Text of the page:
Iron Deficiency Anemia
The two most common causes of anemia during pregnancy and the puerperium are iron deficiency and acute blood loss. The CDC (1989) estimated that as many as 8 million American women of childbearing age were iron deficient. In a study of more than 1300 women, 21 percent had third-trimester anemia with 16 percent due to iron deficiency anemia (Vandevijvere, 2013). In a typical singleton gestation, the maternal need for iron averages close to 1000 mg. Of this, 300 mg is for the fetus and placenta; 500 mg for maternal hemoglobin mass expansion; and 200 mg that is shed normally through the gut, urine, and skin. The total amount of 1000 mg considerably exceeds the iron stores of most women and results in iron deficiency anemia unless iron supplementation is given.
Iron deficiency is often manifested by an appreciable drop in hemoglobin concentration. In the third trimester, additional iron is needed to augment maternal hemoglobin and for transport to the fetus. Because the amount of iron diverted to the fetus is similar in a normal and in an iron-deficient mother, the newborn infant of a severely anemic mother does not suffer from iron deficiency anemia. As discussed in Chapter 33 (p. 643), neonatal iron stores are related to maternal iron status and to timing of cord clamping.
Classic morphological evidence of iron deficiency anemia—erythrocyte hypochromia and microcytosis—is less prominent in the pregnant woman compared with that in the nonpregnant woman. Moderate iron deficiency anemia during pregnancy usually is not accompanied by obvious morphological changes in erythrocytes. Serum ferritin levels, however, are lower than normal, and there is no stainable bone marrow iron. Iron deficiency anemia during pregnancy is the consequence primarily of expansion of plasma volume without normal expansion of maternal hemoglobin mass.
The initial evaluation of a pregnant woman with moderate anemia should include measurements of hemoglobin, hematocrit, and red cell indices; careful examination of a peripheral blood smear; a sickle-cell preparation if the woman is of African origin; and measurement of serum iron or ferritin levels, or both. Expected values in pregnancy are found in the Appendix (p. 1287). Serum ferritin levels normally decline during pregnancy (Goldenberg, 1996). Levels less than 10 to 15 mg/L confirm iron deficiency anemia (American College of Obstetricians and Gynecologists, 2013a). Pragmatically, the diagnosis of iron deficiency in moderately anemic pregnant women usually is presumptive and based largely on exclusion.
When pregnant women with moderate iron deficiency anemia are given adequate iron therapy, a hematological response is detected by an elevated reticulocyte count. The rate of increase of hemoglobin concentration or hematocrit is typically slower than in nonpregnant women due to the increasing and larger blood volumes during pregnancy.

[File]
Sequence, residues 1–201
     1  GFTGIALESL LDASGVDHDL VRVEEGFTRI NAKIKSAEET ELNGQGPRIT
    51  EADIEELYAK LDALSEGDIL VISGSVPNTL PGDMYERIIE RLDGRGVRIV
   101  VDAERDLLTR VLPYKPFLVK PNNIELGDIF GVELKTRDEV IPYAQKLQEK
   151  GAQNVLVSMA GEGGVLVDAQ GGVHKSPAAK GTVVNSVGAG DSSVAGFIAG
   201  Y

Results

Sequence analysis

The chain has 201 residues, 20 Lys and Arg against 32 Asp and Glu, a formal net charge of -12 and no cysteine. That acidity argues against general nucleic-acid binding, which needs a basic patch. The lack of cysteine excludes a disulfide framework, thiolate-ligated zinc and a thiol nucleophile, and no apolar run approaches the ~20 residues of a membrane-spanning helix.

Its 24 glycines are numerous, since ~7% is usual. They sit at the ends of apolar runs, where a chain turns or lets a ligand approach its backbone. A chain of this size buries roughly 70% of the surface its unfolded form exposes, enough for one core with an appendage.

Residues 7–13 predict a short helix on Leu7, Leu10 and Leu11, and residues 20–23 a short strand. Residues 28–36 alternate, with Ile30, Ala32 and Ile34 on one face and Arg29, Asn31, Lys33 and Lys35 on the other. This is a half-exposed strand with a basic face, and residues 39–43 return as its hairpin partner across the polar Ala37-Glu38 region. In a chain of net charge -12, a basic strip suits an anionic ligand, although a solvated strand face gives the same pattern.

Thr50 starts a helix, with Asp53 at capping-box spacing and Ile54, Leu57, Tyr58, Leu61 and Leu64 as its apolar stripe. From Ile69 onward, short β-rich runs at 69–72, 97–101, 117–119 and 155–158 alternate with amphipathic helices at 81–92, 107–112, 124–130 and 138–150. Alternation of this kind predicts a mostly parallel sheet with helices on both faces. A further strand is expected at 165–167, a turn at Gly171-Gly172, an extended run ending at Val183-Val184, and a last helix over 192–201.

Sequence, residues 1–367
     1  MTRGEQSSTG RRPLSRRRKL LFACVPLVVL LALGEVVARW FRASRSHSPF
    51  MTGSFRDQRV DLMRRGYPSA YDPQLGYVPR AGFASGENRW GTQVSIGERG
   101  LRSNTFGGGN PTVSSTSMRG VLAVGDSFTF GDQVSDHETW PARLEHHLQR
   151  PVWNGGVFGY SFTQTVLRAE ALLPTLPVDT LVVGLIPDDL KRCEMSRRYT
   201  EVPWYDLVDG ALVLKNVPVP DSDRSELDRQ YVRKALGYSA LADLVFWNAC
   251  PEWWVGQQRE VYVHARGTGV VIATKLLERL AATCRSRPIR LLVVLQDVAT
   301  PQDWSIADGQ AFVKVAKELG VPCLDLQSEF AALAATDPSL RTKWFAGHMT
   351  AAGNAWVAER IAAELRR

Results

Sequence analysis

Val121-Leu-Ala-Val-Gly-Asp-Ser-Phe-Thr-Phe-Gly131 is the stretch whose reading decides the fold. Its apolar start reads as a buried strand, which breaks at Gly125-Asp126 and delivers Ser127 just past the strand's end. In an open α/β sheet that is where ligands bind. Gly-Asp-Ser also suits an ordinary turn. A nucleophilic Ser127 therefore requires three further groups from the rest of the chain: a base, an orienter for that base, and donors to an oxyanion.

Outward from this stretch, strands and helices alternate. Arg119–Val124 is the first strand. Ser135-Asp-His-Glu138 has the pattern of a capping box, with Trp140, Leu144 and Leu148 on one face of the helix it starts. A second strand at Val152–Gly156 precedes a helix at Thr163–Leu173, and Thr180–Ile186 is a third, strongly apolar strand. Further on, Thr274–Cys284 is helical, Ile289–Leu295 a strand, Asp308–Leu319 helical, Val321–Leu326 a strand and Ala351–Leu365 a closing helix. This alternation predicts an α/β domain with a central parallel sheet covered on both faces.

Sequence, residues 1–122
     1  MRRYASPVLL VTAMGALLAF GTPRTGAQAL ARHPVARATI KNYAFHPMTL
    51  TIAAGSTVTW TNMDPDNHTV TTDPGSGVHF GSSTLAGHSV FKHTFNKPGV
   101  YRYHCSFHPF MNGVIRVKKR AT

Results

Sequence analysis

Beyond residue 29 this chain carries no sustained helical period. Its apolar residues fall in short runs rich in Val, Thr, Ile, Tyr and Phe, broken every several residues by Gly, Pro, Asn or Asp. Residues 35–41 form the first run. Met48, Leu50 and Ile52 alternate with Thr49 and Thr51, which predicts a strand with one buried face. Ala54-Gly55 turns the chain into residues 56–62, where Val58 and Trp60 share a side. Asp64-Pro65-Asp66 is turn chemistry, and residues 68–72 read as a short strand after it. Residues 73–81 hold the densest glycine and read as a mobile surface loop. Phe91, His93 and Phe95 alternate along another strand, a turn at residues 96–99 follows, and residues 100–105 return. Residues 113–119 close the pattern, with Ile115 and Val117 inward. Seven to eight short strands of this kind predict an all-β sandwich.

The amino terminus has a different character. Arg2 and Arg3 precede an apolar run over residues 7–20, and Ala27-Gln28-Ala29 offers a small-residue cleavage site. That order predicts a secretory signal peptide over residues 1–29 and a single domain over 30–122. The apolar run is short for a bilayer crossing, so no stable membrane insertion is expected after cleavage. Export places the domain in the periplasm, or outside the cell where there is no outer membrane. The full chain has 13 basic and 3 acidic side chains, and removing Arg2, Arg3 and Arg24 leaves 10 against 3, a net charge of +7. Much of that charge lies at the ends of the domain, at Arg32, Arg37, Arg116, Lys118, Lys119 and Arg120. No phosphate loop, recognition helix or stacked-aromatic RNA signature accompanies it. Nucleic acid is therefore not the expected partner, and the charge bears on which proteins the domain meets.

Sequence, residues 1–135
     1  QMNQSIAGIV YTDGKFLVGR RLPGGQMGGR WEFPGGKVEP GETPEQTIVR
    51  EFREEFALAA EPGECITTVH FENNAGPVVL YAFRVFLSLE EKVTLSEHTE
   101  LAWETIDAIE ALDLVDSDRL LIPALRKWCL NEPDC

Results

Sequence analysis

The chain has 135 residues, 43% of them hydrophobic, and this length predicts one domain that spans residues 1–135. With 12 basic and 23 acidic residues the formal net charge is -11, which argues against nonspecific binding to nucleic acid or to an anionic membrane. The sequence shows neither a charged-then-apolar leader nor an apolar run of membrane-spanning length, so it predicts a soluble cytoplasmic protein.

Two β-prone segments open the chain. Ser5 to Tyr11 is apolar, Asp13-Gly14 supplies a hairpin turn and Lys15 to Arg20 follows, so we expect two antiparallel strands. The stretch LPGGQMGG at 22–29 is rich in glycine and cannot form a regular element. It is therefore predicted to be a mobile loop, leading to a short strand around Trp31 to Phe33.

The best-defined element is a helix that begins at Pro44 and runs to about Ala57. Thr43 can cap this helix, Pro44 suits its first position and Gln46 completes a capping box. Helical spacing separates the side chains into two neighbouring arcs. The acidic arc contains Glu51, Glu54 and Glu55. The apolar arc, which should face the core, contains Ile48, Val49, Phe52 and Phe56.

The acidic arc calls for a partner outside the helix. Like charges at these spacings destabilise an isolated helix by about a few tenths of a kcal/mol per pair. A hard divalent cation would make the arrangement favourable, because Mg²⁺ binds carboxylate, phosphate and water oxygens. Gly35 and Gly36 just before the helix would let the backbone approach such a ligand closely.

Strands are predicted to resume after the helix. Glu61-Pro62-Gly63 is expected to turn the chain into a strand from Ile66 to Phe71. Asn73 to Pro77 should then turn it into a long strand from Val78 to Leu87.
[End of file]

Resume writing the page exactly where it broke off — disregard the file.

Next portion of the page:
Regardless of anemia status, daily oral supplementation with 30 to 60 mg of elemental iron and 400 μg of folic acid is recommended in pregnancy (Peña-Rosas, 2012; World Health Organization, 2012). Anemia resolution and restitution of iron stores can be accomplished with simple iron compounds—ferrous sulfate, fumarate, or gluconate—that provide about 200 mg daily of elemental iron. If a woman cannot or will not take oral iron preparations, then parenteral therapy is given. Although both are administered intravenously, ferrous sucrose has been shown to be safer than iron-dextran (American College of Obstetricians and Gynecologists, 2013a). There are equivalent increases in hemoglobin levels in women treated with either oral or parenteral iron therapy (Bayouneu, 2002; Sharma, 2004).
Anemia from Acute Blood Loss
In early pregnancy, anemia caused by acute blood loss is common with abortion, ectopic pregnancy, and hydatidiform mole. Anemia is much more common postpartum from obstetrical hemorrhage. Massive hemorrhage demands immediate treatment as described in Chapter 41 (p. 814). If a moderately anemic woman—defined by a hemoglobin value of approximately 7 g/dL—is hemodynamically stable, is able to ambulate without adverse symptoms, and is not septic, then blood transfusions are not indicated. Instead, iron therapy is given for at least 3 months (Krafft, 2005). In a randomized trial, Van Wyck and colleagues (2007) reported that intravenous ferric carboxymaltose given weekly was as effective as thrice-daily oral ferrous sulfate tablets for hemoglobin regeneration for postpartum anemia.
Anemia Associated with Chronic Disease
Weakness, weight loss, and pallor have been recognized since antiquity as characteristics of chronic disease. Various disorders, such as chronic renal failure, cancer and chemotherapy, human immunodeficiency virus (HIV) infection, and chronic inflammation, result in moderate and sometimes severe anemia, usually with slightly hypochromic and microcytic erythrocytes. It is the second most common form of anemia worldwide (Weiss, 2005).
In nonpregnant patients with chronic inflammatory diseases, the hemoglobin concentration is rarely < 7 g/dL; bone marrow cellular morphology is not altered; and serum iron concentrations are decreased. However, ferritin levels usually are elevated. The low levels of iron are mediated by hepcidin, a polypeptide produced in the liver that participates in iron balance and transport (Weiss, 2005). These anemias share similar features that include alterations in reticuloendothelial function, iron metabolism, and decreased erythropoiesis (Cullis, 2013).
Women with chronic disorders may develop anemia for the first time during pregnancy. In those with preexisting anemia, it may be intensified as plasma volume expands disproportionately to red cell mass expansion. Causes include chronic renal insufficiency, inflammatory bowel disease, and connective-tissue disorders. Others are granulomatous infections, malignant neoplasms, rheumatoid arthritis, and chronic suppurative conditions.